In regards to a prior post about American English being more popular than British English because American sitcoms are more popular, that argument doesn't hold any weight. The popularity of TV programs doesn't equate to the popularity of a language. I don't think you will find a strong audience who would argue that America is NOT the home for the most popular TV series and movies. That's the result of billions of US dollars being pumped into its industry. Similarly, Chinese movies are known for their great action scenes, but this doesn't mean that because Chinese action sequences are good, the Chinese language is popular.

Moving right along, I don't think it is fair to hire an individual from one country, tell them to teach their native language but from the standpoint of another country's English. What this shows is the employer's insensibility to the person they hired and the ignorance of the employer. If you think an English speaker should know every English-speaking countries' grammar rules, spellings and word choices, that is absurd. English is spoken in 69 countries worldwide. This doesn't even include America, Britain, Australia and New Zealand where there is no official language.

I believe an English teacher teaching English in a foreign country should not be required or asked to teach an English other than their own. If a country wants to learn a specific country's English, they should ONLY employ people from that particular country. At the point that they hire from multiple countries, they should accept that country's English.

Maybe I'm a radicalist, but I think ESL teaching is still up-and-coming. Yeah, the term 'ESL' has been slung around for a long time but I don't think we have yet figured out how to teach English from a IESL perspective. I believe English-speaking countries need to first get together and come to a consensus as to how to teach English from an international perspective...get on the same page, so to speak.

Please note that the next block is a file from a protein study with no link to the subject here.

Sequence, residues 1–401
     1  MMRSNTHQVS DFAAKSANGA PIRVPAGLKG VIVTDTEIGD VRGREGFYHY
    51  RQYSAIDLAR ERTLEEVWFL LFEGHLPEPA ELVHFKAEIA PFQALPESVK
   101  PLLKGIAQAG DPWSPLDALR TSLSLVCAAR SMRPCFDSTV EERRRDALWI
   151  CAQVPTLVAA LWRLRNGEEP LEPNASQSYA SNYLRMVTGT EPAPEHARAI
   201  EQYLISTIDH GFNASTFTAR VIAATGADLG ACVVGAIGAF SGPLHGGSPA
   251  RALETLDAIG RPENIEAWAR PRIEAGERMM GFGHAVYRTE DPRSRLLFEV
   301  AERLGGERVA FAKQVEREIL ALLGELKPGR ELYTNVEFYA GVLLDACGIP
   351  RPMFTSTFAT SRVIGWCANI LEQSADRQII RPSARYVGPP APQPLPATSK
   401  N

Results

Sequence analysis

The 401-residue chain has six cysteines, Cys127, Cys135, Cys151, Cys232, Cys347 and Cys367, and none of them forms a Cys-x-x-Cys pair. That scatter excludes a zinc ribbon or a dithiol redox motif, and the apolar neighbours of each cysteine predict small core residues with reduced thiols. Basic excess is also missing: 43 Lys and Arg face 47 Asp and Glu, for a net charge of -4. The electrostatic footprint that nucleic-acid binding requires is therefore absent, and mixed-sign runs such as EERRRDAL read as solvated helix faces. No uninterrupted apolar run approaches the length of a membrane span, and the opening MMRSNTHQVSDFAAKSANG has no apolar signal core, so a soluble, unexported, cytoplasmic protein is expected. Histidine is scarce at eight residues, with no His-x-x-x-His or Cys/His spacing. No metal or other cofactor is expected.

However, I don't see this happening because currently there is too much quarreling amongst English speakers from different countries. We have Americans saying, "We invented Phonics and greatly added to the English lexicon so American English is better." You have British saying, "Well, Americans stole their language from us so you wouldn't even have a language if it wasn't for us." While other countries are screaming out, "What about our country's English? English is the only language I've spoken since birth. What makes your countries' English more precious than ours?" There's too much bickering going on in the English-speaking community. I think we need to solve the bickering before we can start looking towards solutions.

Another thing adding to the problem of teaching English from the international perspective is that language is living and constantly changing so you can't go about teaching it in a formulaic method. This problem compiled with every culture in the world being completely different, it is virtually impossible to employ the same English strategy for every culture.

I feel sorry for the British teachers teaching English in Japan because Japan predominantly uses American English and the Japanese learn English in a very mathematical forumlatic way, so when the English doesn't fit into their English cookie-cutter, they have a hard time adjusting. I'm saddened when I've talked to some of non-American-English friends and they tell me they mold their English to the textbooks. Unless you've lived outside your country in another English-speaking country or studied the linguistics of other Englishes, it's preposterous to assume that the person should know any other English other than their own country's English.

That being said, I think it's beneficial for English teachers working in a foreign country to know other countries' Englishes because it gives their students a broader perspective on the language but I don't think it's necessary, and the employer should know this when they hire you.

As our world is rapidly becoming a more closely bonded society, I think we all need to strive for a little bit more cultural and language sensitivity and understanding.

That's my 2 cents...
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Last edited by EngliPatrick : Nov 29th, 2007 at 02:20 am.